Name a recent "young" major/successful touring band

monwobobbo

Member
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6,202
I'm just drawing a comparison that bands that I mentioned and of that era. i.e., have a couple albums, and suddenly selling out sports arenas. That was very common in the 80s. But all but died, it seems, in the early 2000s.

Now the rocket ship a band needs to be on to achieve that seems bigger. Coldplay became enormous is just 3 years. Oasis exploded pretty big...late 90s. But I struggle to think of a non-pop-machine artist that did this recently.
The age of arena rock has past. Get with the program the festival is where most up and coming bands play.
 

CBHTele

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857
I got into them past their peak, but Muse was HUGE in the 2000s, and still headline festivals around the world when they are out. Even as recently as 2019, they were close to selling out arenas in the US, even though their last album was a bit too much concept and not enough substance. Still one of the last few great live ROCK bands that can bring it in any setting, and with one of the last of the great frontmen left.
 

MikeMcK

Gold Supporting Member
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5,267
The age of arena rock has past. Get with the program the festival is where most up and coming bands play.
That's a fact. A few years ago the top 3 grossing arena acts for the year globally featured 3 guys who lived within a mile of each other:
1. Bruce Springsteen
2. Bon Jovi
3 Cirque de Soleil's international tour of a Michael Jackson-based tribute (opened with and featured my buddy Michael Ghegan from Red Bank, NJ)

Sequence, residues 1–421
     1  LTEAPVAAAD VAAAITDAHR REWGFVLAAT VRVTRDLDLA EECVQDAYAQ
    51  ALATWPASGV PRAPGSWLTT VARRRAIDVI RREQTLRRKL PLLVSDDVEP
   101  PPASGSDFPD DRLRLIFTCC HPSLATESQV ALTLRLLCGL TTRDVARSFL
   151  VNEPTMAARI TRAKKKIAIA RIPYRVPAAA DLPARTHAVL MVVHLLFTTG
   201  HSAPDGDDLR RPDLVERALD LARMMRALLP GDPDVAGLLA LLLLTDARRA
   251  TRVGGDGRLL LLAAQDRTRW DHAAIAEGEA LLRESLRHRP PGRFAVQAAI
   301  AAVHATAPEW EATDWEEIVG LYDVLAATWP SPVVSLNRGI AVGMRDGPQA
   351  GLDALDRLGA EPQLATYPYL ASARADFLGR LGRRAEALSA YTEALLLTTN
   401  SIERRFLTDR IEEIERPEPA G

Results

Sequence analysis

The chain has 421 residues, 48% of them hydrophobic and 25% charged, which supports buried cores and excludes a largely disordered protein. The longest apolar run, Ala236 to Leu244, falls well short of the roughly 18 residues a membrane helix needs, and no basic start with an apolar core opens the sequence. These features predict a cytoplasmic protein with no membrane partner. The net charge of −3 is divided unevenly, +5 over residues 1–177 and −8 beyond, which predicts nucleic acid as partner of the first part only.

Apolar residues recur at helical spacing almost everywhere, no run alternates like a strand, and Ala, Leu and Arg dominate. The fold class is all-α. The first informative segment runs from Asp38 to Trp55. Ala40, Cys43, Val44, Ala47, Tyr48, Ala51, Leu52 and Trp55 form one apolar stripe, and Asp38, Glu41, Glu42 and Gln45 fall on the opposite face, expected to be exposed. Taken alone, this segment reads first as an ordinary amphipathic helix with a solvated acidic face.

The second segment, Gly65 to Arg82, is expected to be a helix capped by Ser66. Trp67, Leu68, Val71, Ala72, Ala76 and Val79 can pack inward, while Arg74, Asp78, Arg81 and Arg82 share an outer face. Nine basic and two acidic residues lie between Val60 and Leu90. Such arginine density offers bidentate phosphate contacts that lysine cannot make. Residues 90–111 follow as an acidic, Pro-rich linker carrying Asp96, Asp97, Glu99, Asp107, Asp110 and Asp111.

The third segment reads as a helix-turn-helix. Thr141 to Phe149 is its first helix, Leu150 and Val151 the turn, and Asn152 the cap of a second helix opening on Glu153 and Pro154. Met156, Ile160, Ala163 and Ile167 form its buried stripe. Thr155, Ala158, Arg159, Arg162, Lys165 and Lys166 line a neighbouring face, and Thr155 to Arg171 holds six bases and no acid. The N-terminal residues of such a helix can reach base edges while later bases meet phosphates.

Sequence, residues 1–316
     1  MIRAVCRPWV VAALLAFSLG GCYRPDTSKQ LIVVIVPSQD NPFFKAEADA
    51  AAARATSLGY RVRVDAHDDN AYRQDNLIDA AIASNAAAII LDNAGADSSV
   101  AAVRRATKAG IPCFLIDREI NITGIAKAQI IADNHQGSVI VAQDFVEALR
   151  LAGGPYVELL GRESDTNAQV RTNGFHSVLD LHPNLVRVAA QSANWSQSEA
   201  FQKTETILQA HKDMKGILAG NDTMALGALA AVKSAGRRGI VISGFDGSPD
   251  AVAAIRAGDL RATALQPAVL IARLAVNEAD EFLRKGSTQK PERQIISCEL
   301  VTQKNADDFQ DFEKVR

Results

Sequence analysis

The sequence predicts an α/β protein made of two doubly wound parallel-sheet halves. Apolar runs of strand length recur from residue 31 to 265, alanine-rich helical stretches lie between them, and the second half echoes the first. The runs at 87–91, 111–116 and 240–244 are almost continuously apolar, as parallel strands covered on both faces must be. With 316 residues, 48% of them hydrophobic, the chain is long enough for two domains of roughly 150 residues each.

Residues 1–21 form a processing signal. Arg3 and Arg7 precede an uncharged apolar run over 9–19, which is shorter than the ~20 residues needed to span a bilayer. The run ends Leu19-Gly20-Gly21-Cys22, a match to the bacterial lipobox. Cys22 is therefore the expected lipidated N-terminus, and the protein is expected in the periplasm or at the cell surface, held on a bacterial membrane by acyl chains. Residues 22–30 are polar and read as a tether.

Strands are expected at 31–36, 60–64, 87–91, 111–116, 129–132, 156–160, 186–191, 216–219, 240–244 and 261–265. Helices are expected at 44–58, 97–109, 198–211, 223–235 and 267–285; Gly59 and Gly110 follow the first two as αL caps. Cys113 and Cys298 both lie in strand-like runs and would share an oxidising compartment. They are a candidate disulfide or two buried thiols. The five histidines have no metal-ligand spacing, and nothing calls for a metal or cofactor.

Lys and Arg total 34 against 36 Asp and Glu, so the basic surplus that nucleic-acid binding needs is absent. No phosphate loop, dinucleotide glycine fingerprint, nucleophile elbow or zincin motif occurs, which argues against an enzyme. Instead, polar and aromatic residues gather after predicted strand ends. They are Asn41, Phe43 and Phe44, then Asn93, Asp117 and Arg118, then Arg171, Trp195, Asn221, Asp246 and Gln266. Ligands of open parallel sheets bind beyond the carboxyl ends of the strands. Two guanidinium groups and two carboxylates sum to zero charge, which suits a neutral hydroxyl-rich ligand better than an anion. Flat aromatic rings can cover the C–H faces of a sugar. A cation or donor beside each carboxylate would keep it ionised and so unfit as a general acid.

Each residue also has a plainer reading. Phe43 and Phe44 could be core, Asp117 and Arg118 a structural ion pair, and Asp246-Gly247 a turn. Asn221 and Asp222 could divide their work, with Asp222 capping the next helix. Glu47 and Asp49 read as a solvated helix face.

Michael was in his 40's, the other two a bit past that. There's now a generation of people brought up to believe music is free, and for a lot of them a pair of tickets to an arena show can be half a weekly paycheck. It's not happening.
 

sws1

Member
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11,197
The age of arena rock has past. Get with the program the festival is where most up and coming bands play.
You could survive by touring arenas, and have a good life. Those people were not up-and-coming. They had arrived. Playing a festival once very 3 weeks, when you are not one of the top named bands, is no way to become rich and famous.

Point being...you can't arrive in your 20s anymore.
 

monwobobbo

Member
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6,202
You could survive by touring arenas, and have a good life. Those people were not up-and-coming. They had arrived. Playing a festival once very 3 weeks, when you are not one of the top named bands, is no way to become rich and famous.

Point being...you can't arrive in your 20s anymore.
Back in the day touring wasnt a money making deal for many bands. The shows were to help promote the new album. Record sales made the band money.

The day of the "rock star" is also gone. You can "arrive" in your 20s still but what that means may have changed a bit. Also keep in mind that many of the bands of the past didnt see a ton of cash until later in their careers. An album could sell a million copies but the record label had to recoupe all its expenses first ( including that big arena tour).
 

kcprogguitar

Member
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2,729
This is the very question I ask when making the point that rock isn't dead but is a dead man walking. Sure you have established acts playing arenas and stadiums but there's no new blood doing it, and there hasn't been any in a long time. I suppose you can say that this applies mostly in the US, as newer/younger rock acts play large venues in other parts of the world.
So you're saying that rock is playing smaller venues to smaller audiences. I'd say the scene is stronger for having a dedicated following than a few big bands and then a wasteland. I see plenty of young artists putting out LPs and touring (not that I go to them, I don't), or they were before COVID.

I see the videos of the concerts of Earthless and Plini etc...they seem to have a pretty dedicated following. Its not huge, but it's not dead.
 




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